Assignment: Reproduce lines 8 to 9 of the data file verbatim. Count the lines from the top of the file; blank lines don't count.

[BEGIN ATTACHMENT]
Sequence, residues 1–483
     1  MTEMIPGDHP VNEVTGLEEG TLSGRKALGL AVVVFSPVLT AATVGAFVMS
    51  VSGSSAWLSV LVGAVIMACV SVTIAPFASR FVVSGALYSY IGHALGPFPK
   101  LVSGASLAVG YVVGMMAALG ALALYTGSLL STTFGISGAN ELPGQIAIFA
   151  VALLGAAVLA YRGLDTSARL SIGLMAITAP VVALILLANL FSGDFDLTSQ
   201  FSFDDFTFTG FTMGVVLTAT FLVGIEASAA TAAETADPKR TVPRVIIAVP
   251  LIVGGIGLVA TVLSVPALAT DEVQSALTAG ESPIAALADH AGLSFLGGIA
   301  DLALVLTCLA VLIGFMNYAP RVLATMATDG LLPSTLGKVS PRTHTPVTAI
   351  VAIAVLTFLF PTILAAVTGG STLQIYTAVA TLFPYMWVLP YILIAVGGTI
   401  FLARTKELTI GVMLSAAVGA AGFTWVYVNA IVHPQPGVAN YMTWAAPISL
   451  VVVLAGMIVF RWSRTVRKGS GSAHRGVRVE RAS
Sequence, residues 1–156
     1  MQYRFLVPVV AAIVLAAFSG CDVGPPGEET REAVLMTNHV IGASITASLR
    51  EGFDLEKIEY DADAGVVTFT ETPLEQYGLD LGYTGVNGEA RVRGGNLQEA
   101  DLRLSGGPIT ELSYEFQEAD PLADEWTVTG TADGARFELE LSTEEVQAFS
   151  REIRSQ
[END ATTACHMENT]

   301  DLALVLTCLA VLIGFMNYAP RVLATMATDG LLPSTLGKVS PRTHTPVTAI
   351  VAIAVLTFLF PTILAAVTGG STLQIYTAVA TLFPYMWVLP YILIAVGGTI